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Charlie Stewart’s 1960 Oldsmobile Indianapolis 500 Pace Car

Earlier in the week, Charlie Stuart’s 1953 Studebaker Commander Hoosier “100” Pace Car was featured here, and today we cover the Indianapolis Oldsmobile dealer’s involvement in the 1960 Indianapolis 500 race.

But first, we need to return back to the 1950s and two racing incidents that changed the face of the sport forever. At the 1955 24 Hours of Le Mans race, a monumental racing disaster occurred when a Mercedes racing car was involved in a crash with another car and ended up in the grandstand and killed 82 spectators and injured many others.

  • Charlie Stuart above presenting the keys for one of the Oldsmobile’s to Tony Hulman president of the Speedway – In the photo below Stuart gives the keys to Jim Rathmann, the winner of the 1960 Indianapolis 500 Race.

Two years later in 1957, it was reported that a Mercury Meteor crashed into the grandstand at a NASCAR sponsored stock car race. Shortly after that in June of 1957, the Automobile Manufacturers Association in a defensive move banned the involvement of automakers in racing. The ban also included not providing pace cars for races or assisting anyone involved in auto racing or publishing race results. The action ended in 1962 when Ford announced that it was going back into auto racing.

Chuck Stuart supplied these photos and wrote the following about his father’s involvement in the 500-mile racing classic: “Charlie Stuart Oldsmobile, Inc. furnished the 1960 Pace Car and sixty-six other Oldsmobiles used for the Indianapolis 500 Mile Race. My dad paid for all of the costs involved with the Pace Cars and the other Oldsmobiles involved in the race and the Indianapolis 500 Festival.”

 

 

18 responses to “Charlie Stewart’s 1960 Oldsmobile Indianapolis 500 Pace Car

  1. Across the street just above the Old’s windshield is (I believe) a Simca.
    Also across the street just above the Old’s trunk lid is what looks to be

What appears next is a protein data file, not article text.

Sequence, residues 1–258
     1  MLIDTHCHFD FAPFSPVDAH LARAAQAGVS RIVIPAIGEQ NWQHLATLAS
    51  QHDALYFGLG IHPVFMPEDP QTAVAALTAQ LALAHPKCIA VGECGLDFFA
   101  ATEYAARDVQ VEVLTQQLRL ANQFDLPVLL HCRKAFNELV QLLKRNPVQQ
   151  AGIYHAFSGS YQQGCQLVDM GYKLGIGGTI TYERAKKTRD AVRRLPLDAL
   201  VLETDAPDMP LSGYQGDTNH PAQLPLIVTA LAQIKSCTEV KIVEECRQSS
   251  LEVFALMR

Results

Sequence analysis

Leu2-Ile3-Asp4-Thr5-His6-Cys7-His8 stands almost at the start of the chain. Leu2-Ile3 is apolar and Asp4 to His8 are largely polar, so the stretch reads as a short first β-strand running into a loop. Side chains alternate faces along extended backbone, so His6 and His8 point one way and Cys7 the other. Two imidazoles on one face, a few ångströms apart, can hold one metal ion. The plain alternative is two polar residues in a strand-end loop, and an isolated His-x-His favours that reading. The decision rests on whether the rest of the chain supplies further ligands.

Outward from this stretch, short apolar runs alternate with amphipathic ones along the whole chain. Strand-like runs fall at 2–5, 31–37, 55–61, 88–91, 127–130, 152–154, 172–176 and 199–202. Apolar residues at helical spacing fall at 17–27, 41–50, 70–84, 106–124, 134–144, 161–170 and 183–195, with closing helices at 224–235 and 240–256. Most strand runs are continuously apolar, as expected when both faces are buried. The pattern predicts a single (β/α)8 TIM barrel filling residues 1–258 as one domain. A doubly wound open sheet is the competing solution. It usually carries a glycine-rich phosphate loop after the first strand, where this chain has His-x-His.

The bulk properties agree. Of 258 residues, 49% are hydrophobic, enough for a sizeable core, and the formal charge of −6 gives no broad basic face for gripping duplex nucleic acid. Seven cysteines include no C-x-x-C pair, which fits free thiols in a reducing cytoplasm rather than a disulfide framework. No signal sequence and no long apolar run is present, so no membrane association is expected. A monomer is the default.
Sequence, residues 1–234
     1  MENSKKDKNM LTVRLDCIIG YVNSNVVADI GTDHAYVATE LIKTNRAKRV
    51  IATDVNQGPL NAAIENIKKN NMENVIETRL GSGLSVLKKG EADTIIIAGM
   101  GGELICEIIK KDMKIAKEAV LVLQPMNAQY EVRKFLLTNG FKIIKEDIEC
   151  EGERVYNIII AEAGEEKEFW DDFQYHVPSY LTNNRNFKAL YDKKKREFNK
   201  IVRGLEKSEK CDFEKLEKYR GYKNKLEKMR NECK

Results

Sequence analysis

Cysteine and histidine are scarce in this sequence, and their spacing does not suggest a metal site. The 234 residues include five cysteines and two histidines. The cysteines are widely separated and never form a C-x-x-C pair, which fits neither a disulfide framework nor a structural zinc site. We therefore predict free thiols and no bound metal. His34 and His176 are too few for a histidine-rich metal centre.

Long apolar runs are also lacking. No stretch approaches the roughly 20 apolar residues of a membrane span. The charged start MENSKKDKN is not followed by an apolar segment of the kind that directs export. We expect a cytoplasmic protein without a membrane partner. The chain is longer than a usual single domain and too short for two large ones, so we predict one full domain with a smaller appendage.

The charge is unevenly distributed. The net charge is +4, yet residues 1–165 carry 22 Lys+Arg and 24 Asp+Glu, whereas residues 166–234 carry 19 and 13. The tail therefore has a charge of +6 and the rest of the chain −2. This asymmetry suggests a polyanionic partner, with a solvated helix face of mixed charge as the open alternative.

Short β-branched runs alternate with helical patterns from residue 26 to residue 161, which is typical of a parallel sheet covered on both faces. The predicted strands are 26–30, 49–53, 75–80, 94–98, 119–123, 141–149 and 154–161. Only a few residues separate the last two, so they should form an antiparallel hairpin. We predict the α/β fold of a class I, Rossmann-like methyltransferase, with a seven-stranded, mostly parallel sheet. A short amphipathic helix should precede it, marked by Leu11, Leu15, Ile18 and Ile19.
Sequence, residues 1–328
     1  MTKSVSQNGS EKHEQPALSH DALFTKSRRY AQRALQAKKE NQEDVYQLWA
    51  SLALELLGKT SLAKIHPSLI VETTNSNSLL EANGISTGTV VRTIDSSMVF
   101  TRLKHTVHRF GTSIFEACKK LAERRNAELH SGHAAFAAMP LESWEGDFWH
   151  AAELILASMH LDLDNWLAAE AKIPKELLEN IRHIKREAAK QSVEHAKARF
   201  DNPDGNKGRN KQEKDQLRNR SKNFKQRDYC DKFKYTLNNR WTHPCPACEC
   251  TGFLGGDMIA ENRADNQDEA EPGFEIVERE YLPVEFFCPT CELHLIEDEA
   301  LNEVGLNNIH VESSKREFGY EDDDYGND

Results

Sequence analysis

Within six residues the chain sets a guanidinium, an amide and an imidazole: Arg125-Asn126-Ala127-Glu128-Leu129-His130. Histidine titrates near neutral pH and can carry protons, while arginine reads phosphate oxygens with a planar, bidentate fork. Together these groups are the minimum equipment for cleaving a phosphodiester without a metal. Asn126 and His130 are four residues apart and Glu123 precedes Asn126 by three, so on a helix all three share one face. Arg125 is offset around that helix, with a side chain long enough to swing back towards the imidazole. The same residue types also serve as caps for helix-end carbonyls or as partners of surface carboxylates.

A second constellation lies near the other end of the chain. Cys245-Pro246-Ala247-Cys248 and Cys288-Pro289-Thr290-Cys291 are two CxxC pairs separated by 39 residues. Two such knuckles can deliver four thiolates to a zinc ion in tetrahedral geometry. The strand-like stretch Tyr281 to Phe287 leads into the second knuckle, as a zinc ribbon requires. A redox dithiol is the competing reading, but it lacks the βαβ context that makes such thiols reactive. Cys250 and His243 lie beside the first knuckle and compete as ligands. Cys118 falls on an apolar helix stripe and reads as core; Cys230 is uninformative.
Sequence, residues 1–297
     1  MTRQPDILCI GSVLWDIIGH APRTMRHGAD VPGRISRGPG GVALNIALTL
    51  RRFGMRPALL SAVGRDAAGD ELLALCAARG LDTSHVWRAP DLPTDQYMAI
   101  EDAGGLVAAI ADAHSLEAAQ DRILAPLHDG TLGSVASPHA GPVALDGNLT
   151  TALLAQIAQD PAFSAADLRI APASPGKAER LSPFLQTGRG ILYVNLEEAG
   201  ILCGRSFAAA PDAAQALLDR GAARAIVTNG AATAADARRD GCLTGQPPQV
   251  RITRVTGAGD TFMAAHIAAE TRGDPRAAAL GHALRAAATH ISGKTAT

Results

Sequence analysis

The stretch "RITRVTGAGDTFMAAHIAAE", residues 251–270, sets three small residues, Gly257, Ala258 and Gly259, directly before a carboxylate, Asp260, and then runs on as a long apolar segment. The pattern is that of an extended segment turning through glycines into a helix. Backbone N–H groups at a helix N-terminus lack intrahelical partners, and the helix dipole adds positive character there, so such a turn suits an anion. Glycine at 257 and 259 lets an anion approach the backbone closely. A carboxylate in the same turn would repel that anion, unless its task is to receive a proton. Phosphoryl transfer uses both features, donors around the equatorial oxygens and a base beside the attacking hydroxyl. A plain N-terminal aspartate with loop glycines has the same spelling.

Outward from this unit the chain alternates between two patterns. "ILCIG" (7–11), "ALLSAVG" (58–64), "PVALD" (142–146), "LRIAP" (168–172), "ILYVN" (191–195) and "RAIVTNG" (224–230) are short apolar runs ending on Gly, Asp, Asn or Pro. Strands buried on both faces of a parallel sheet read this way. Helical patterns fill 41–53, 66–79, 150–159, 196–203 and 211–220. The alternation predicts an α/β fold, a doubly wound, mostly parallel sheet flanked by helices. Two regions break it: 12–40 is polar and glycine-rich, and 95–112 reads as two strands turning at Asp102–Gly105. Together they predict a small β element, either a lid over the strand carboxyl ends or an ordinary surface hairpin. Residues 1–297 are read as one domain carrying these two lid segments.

a Renault. I guess sales in the US weren’t high enough for either maker
    to keep them in business here very long. Both exited in the early ’60’s.

  2. In the lead photograph, “above” the trunk of the ’60 OLDSMOBILE convertible, is what looks like a 1957 RAMBLER Deluxe 4 Door Sedan. Across the street from the RAMBLER is a two-tone, two-door, 1955 BUICK Special [non-Riviera].

    • The politics & inner squabbles involved in car racing can ruin the sport for many. The Dale Earnhardt Jr. scenarios are a good example. We all know there are others.

  3. I’m finding it hard to believe that a dealer, without any corporate assistance, is providing over 60 brand new cars for an event like the Indianapolis 500. Yes, the event has national significance, but was this really feasible for a single dealer? How is one dealer going to sell 66 Pace Car replicas in the same town, let alone a single replica? There were 7,284 Oldsmobile Ninety-Eight convertibles sold in 1960, so it is hard to imagine a dealer selling even five of them during the entire year.

    Coincidentally, last Sunday I was reading a story about a man trying to determine if his 1959 Buick Electra 225 convertible was the Indy 500 Pace Car. The author, Tim Sidoti states the following.

    “There were, however, about three years (including 1959) in which the Pace Cars were “officially” sponsored by dealerships because at the time the manufacturers were trying to disavow any official involvement with racing (including providing the Pace Cars). In reality he [Donald Davidson, unofficial historian of the Indianapolis 500 Speedway] told me, the manufacturers were always totally behind obtaining and delivering all the Pace Cars and the dealer “sponsorship” during that brief period was just a front. ”

    I don’t mean to be disrespectful, but I wonder if some details that Mr. Stuart relates have been lost over the last nearly 60 years. Link to the full 1959 Buick Pace Car story below. Replace the word “dot” with a period symbol. 1fine59 dot com/?p=66

  4. The color photo of the `60 Olds 98 Pace Car solves a mystery of sorts for me. Im an adult model car builder, and have a kit if this cvt. Now I know the interior color was the tri-tone green! Others swore it was tri-tone blue. Now I can build this car–complete with pace car decals!

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